A lacrosse accident, a stroke and a survivor: Brett’s story
During a routine lacrosse game in high school, Brett Flowers was hit in the neck with a lacrosse stick and ball — an incident that at first didn’t seem that serious.
Flowers, then 15, recalls stumbling off the field and falling to the ground. He was conscious and able to talk. But several minutes later, the healthy athlete couldn’t move the right side of his body or speak clearly.
He was taken by ambulance to a hospital near his home in Maumee, Ohio, before being transferred to another hospital for more extensive tests that revealed the blow to his neck had triggered a stroke.
The cause: carotid artery dissection.
The carotid artery is a muscular blood vessel that carries oxygenated blood to the head and brain. A dissection occurs when trauma causes a tear in the wall of the vessel. When this happens, the wall’s layers separate, leading to a blockage or dilation of the vessel. The result can be total artery blockage and stroke.
Dissection may happen without an obvious cause or may be a result of trauma to the neck, as in Flowers’ case. Carotid artery dissection accounts for a large percentage of strokes in young patients due to sports-related injuries.
Flowers was put on blood thinners, underwent more tests, including CT and MRI scans, and he was closely monitored for a week.
Carotid artery dissection treatment
The patient was sent home with instructions to “take it very easy for a while,” Flowers recalled.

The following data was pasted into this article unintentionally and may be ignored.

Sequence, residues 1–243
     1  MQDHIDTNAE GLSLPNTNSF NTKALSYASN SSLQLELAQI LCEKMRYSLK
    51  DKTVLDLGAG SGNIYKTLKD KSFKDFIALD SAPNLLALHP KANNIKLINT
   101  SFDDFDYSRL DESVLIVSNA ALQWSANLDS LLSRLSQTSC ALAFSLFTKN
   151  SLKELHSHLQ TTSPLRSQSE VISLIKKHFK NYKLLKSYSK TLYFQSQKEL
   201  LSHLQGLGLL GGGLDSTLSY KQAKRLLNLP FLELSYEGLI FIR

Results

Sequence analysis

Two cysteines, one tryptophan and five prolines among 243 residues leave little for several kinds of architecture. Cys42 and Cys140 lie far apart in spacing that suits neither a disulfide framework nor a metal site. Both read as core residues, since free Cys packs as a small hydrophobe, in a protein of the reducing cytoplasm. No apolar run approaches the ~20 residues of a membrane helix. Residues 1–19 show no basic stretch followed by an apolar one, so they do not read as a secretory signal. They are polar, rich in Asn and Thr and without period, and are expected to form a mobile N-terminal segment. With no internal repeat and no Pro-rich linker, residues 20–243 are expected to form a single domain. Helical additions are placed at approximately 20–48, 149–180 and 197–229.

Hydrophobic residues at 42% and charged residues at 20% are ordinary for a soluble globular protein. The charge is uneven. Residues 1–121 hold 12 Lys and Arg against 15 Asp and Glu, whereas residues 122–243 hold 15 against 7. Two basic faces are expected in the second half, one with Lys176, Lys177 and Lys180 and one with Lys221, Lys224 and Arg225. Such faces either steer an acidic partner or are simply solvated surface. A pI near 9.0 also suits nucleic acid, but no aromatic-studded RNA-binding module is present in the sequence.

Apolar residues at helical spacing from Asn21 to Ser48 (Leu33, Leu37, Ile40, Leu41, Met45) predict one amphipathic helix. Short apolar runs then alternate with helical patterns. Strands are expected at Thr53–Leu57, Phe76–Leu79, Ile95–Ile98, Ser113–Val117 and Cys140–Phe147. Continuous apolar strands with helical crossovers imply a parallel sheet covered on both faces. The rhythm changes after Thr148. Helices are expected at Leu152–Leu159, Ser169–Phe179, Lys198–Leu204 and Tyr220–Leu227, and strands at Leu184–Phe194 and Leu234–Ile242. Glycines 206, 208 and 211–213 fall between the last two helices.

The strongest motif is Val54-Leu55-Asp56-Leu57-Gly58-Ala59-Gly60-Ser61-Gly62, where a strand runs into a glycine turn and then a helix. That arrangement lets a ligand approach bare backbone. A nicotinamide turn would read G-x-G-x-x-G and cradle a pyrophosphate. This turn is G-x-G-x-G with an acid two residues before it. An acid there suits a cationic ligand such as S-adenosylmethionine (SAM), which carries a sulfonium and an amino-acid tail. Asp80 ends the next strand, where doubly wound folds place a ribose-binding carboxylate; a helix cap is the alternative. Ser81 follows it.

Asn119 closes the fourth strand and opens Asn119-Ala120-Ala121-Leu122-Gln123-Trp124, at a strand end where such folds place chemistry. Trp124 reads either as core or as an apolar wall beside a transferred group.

One day later, however, unable to move his right arm or face, his family called paramedics. Another stroke had occurred.
Without the resources to treat him, Flowers’ local hospital recommended he be airlifted to Michigan Medicine’s Comprehensive Stroke Center, where he was seen by neurosurgeon Aditya S. Pandey, M.D.
“When I got to U-M, they realized the carotid artery had been hit so hard that a balloon had formed and blood was clotting, causing the stroke,” Flowers said.
Pandey and his team attempted to perform an endovascular carotid stenting procedure — in which a small puncture is made in the femoral artery in the groin. A guiding catheter is advanced into the internal carotid artery, where a thin wire is advanced into the carotid artery and a stent is positioned. The permanent stent is released and dilated with an angioplasty balloon. The stent holds the artery open, allowing blood to flow and the dissection to be sealed.
Despite the team’s attempt, Flowers proved not to be a candidate for the procedure.
“In Brett’s case, the dissection was so severe that a stent could not be placed, thus the internal carotid artery was closed permanently to prevent clots from traveling to the brain,” said Pandey.
Getting back in the game
Flowers was placed on blood thinners for more than a year, followed by a regimen of half an aspirin each day and regular monitoring. By the time he was a senior in high school, he was off all medications.
Today, the University of Toledo business student is grateful for his recovery.
“My injury healed very well and I’ve had no real restrictions,” the 21-year-old said. “I was worried about how my life would change, but it really hasn’t. I’ve experienced only mild cognitive differences, but I’ve overcome things pretty well.”
Pandey, who follows up with Flowers once a year, attributes his patient’s recovery to a great attitude, strong support from his parents, and U-M’s Comprehensive Stroke Center, which allows for the successful treatment of complex stroke patients.
Flowers played it safe and stayed on the sidelines during the remainder of his high school lacrosse career, serving as an assistant coach. While neck guards weren’t mandatory at the time of his accident, Flowers notes that players can now opt for a hockey neck guard for added protection.
Although a neck guard may have changed his outcome that day in 2012, Flowers isn’t looking back: “I am so thankful to have the life I have today and not have any drawbacks from my stroke,” he said.
To learn more about stroke types, symptoms and treatments, click here.